Sunday, October 9, 2016
Yellowtail in Mexico, and Climate Questions / Answers
Q - Isn't the climate science uncertain?
A- No. According to Olympic Climate Action, "Nov. 2012 through December 2013 [out of] 2258 peer-reviewed climate articles by 9136 authors [,] 1 author rejected man-made global warming."
Q - Hasn't the number of polar bears increased in recent years?
A - John Ingham of London's The Sunday Express (March 3, 2015) cited the WWF's claim that "of the 19 separate populations of polar bears across the Arctic, three are in decline and just one is known to be increasing while for nine there is insufficient data to make any assessment."
Q -- Isn't it true the oceans, and not humans, cause most CO2 emissions?
A- According to Cheryl Katz in a March 30, 2015, article for e360.yale.edu, "For decades, the earth’s oceans have soaked up more than nine-tenths of the atmosphere’s excess heat trapped by greenhouse gas emissions. [ . . .] But as those gases build in the air, an energy overload is rising below the waves. A raft of recent research finds that the ocean has been heating faster and deeper than scientists had previously thought. And there are new signs that the oceans might be starting to release some of that pent-up thermal energy, which could contribute to significant global temperature increases in the coming years." [In other words, human activity is putting the CO2 burden in the oceans.]
Q - Isn't it true what's happening in China makes U. S. action irrelevant?
A - According to Damian Carrington's July 25, 2016, article in The Guardian, "The latest official government statistics from China support the idea that its coal use peaked in 2014. Coal production fell 9.7% in the first half of 2016 compared to 2015, which itself saw a 5.8% decline on 2014, and coal burning fell 3.7% in 2015. China’s total emissions have been near flat in recent years. [ . . . ] [T]he nation’s falling coal use is now a permanent trend. One is the falling rate of economic growth from 9-10% to about 6% and the transformation of the Chinese economy away from heavy industry and towards more hi-tech and service sectors, which are much less dependent on energy. [ . . . . ] As coal declines, clean electricity in China is increasing rapidly with solar power up 28% in the first half of 2016, nuclear up 25% and wind and hydropower both up 13%. "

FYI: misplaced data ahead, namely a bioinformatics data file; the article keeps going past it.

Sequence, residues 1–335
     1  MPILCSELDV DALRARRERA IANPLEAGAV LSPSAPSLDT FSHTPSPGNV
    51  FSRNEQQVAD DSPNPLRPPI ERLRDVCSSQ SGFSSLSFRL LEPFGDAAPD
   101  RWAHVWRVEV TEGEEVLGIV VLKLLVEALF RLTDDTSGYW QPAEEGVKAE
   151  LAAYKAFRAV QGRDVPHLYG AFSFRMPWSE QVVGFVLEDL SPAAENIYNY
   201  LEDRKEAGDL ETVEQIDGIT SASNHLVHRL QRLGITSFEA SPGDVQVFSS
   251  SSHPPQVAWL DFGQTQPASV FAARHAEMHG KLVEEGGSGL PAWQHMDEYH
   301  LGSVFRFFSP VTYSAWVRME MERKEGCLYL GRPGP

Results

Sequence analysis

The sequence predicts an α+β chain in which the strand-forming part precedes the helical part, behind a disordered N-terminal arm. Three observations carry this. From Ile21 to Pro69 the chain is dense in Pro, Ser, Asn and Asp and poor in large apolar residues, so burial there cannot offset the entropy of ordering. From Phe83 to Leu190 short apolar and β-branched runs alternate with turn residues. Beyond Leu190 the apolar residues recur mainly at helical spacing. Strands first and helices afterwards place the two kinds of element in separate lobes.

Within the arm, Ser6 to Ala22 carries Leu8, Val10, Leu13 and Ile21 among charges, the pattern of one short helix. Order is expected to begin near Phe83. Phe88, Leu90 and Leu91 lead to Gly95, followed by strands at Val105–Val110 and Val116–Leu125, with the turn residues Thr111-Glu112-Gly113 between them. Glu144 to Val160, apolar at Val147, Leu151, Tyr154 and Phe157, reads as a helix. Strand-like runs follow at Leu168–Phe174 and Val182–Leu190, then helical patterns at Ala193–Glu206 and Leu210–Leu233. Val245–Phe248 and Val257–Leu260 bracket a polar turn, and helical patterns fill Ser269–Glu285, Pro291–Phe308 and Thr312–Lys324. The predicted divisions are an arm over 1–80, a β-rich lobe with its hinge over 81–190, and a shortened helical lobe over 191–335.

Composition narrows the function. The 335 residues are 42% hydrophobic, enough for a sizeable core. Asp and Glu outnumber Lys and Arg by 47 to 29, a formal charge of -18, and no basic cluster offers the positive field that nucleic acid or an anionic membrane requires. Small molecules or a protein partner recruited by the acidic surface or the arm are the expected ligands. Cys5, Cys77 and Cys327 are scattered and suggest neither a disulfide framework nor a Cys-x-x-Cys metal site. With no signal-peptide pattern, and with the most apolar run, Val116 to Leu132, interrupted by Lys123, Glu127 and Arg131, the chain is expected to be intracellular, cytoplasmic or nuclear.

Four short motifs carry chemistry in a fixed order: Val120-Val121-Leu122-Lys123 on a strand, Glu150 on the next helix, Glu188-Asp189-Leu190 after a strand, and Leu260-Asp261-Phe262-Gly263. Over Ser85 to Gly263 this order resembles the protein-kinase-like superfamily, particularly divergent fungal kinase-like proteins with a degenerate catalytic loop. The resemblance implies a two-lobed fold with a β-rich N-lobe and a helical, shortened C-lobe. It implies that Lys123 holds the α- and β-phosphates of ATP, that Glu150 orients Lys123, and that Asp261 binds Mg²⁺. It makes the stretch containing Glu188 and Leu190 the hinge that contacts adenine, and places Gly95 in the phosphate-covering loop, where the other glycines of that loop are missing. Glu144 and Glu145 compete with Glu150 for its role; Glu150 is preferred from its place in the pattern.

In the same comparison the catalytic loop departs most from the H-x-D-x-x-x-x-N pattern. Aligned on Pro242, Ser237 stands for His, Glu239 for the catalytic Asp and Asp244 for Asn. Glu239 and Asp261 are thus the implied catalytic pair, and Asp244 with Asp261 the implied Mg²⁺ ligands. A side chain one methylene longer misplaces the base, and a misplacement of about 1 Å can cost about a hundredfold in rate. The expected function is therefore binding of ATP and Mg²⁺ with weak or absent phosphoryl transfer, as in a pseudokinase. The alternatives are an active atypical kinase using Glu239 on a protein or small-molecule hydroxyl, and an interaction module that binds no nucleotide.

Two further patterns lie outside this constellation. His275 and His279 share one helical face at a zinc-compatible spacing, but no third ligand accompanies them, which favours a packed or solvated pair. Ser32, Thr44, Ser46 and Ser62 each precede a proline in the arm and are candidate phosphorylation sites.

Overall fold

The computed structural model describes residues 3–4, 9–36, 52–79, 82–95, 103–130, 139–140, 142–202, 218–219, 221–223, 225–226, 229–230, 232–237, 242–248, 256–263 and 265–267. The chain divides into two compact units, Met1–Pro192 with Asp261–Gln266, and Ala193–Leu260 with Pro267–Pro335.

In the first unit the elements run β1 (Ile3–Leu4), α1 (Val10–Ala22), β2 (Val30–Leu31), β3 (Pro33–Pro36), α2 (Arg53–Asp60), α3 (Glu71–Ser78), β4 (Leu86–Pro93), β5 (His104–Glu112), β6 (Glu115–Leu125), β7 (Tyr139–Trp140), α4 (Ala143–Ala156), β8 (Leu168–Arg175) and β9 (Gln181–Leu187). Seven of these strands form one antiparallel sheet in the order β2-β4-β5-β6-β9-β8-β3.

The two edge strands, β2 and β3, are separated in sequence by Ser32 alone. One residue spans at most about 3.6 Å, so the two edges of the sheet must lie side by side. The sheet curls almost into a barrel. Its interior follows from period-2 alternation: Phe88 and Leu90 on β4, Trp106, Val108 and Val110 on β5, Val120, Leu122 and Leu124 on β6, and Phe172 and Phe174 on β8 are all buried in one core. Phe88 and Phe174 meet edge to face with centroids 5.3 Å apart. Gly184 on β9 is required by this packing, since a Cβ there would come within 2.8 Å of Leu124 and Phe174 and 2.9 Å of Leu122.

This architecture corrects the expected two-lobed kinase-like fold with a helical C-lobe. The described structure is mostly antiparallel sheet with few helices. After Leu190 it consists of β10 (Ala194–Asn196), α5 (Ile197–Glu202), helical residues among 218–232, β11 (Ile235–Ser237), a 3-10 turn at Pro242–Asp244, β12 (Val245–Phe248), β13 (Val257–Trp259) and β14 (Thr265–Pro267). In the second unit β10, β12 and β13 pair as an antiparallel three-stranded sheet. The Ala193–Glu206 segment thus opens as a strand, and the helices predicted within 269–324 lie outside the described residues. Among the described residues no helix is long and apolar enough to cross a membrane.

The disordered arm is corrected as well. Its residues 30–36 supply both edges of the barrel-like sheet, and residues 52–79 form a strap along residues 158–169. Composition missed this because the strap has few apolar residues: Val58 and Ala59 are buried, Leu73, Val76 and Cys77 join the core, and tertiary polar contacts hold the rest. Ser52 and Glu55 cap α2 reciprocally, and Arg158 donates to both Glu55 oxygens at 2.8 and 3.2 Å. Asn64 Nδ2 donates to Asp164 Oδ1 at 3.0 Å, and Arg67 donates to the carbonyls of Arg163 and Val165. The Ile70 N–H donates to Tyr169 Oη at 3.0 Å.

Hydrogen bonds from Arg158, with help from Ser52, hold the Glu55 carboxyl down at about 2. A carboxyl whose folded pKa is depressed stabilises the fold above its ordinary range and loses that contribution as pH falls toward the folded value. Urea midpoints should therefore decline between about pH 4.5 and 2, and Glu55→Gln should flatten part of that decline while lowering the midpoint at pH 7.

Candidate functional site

In addition, China supported a limit of a 1.5 C warming target at COP21.
Q - Why are you concerned about methane?
A- Read this October 4, 2016, Siberian Times article which quotes Professor Igor Semiletov, of Tomsk Polytechnic University: "We have reason to believe that such emissions may change the climate. This is due to the fact that the reserves of methane under the submarine permafrost exceed the methane content in the atmosphere [ . . . ] many thousands of times. If 3-4% from underwater will go into the atmosphere within 10 years, the methane concentration therein (in the atmosphere) will increase by tens to hundreds of times, and this can lead to rapid climate warming. This is due to the fact that the greenhouse effect of one molecule of methane is 20-30 times greater than one molecule of CO2."
The good news is that even though methane has a much stronger effect than CO2, the life of methane in the atmosphere is shorter. Duncan Clark's January 16, 2012 article in The Guardian noted "Between 65% and 80% of CO2 released into the air dissolves into the ocean over a period of 20–200 years" while "Methane, by contrast, is mostly removed from the atmosphere by chemical reaction, persisting for about 12 years."
Q - What can anyone do about climate change?
A- Join others working on it. If you're on the Olympic Peninsula, join Olympic Climate Action. In Portland, Oregon, or Vancouver, Washington, join 350PDX. In Corvallis, Oregon, join 350Corvallis. In Eugene join 350Eugene. In San Diego join SanDiego350. This isn't just about donations of money. Your time as a volunteer will help. As Bill McKibben noted in his August 15, 2016, New Republic article, "We're under attack from climate change—and our only hope is to mobilize like we did in WWII." Mckibben's Twitter site provides updates.